Welcome to the El Pilar Forest Garden Network Homepage!
Oranges in the Maya forest aren't orange, they're green. In temperate zones, oranges turn orange when they are exposed to cold air which breaks down chlorophyll and releases an orange pigment called carotene.
This website provides educational information about traditional Maya agriculture and conservation in the Maya forest.
Conservation is increasingly imperative for the world. It has never been more important to learn from indigenous groups, such as the Maya, that have centuries of cumulative knowledge of conservation and coexistence with their environment.
The El Pilar Forest Garden Network is a group of Maya farmers who are keeping alive Maya cultural traditions, promoting sustainable agriculture, conserving biodiversity in the Maya Forest, and educating the public on the value of their time-honored strategies.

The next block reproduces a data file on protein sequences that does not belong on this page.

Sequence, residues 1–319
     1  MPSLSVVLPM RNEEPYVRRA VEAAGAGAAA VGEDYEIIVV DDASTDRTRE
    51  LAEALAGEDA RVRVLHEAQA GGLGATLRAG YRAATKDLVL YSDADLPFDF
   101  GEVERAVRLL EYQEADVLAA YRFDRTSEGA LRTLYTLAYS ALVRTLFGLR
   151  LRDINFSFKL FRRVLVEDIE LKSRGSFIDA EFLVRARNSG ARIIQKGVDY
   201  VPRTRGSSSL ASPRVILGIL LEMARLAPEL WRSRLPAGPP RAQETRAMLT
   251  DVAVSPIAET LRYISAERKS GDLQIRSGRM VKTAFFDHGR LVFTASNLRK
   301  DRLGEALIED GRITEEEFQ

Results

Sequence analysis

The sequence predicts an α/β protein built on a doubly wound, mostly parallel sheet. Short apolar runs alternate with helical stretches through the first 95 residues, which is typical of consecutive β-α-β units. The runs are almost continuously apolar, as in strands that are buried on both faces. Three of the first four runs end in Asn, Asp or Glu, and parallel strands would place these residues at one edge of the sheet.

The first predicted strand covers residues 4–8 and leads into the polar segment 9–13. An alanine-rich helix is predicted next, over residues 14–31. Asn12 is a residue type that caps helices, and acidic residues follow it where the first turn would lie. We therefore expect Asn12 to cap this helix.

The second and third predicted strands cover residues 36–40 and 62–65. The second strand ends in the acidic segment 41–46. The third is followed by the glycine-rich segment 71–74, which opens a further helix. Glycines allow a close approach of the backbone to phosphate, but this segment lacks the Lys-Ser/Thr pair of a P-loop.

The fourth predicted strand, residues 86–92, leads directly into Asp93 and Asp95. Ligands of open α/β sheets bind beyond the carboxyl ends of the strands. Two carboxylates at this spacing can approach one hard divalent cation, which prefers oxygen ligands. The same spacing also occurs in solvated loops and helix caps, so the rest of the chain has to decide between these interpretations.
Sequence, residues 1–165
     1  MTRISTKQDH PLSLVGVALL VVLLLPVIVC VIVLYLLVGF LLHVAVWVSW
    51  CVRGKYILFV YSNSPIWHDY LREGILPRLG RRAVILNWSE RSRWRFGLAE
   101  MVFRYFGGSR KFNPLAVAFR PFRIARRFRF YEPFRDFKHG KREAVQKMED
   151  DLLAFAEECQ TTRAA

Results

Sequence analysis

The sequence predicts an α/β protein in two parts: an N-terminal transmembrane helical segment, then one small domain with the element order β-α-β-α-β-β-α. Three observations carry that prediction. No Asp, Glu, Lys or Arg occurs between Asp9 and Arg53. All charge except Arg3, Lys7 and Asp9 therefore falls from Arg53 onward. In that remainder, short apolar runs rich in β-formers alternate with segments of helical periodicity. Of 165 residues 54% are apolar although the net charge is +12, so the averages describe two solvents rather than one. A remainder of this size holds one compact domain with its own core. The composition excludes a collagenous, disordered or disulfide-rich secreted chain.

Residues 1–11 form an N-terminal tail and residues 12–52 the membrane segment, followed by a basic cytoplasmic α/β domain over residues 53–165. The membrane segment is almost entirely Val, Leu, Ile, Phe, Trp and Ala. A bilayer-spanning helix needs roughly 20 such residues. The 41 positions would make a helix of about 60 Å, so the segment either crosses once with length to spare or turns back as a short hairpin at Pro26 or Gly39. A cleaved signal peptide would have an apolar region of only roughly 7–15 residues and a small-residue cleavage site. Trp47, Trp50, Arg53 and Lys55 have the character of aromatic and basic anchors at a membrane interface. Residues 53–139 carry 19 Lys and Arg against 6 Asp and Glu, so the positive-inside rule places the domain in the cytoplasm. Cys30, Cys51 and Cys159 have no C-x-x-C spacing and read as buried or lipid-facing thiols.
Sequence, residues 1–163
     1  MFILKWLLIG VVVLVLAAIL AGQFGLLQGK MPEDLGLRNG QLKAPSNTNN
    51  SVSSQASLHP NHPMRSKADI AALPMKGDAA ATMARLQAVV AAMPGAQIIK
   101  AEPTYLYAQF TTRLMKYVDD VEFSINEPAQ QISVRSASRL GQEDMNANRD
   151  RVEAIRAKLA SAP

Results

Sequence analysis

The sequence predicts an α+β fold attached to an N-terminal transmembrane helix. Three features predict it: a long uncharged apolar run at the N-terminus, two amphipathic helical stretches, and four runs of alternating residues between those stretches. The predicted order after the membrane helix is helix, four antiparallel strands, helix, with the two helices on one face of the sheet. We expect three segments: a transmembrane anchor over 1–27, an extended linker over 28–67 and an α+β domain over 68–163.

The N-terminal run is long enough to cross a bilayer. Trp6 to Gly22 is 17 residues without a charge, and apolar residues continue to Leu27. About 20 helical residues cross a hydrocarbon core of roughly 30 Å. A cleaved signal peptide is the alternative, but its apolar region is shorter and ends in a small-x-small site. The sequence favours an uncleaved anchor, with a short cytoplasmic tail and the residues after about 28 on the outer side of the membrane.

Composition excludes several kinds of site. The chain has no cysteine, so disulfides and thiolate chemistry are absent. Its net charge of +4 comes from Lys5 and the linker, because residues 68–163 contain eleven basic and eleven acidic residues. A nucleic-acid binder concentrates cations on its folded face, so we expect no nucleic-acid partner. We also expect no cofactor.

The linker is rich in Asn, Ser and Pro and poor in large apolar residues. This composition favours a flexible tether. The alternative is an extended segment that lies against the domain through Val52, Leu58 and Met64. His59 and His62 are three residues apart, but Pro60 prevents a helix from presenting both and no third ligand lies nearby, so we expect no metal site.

The increased practice of modern, industrial farming in this region is threatening the Maya forest. Traditional Maya agriculture, however, demonstrates a rich relationship with the tropical forest environment of Mesoamerica. Maya farmers are known as forest gardeners because their traditional multi-crop farming methods actually encourage the biodiversity and growth of the forest. These are exemplary agriculturalists, the ultimate conservationists, among the original permaculturalists, and the unsung heroes of the Maya forest!
Ramon fruit of the Maya forest. Photo by Macduff Everton.
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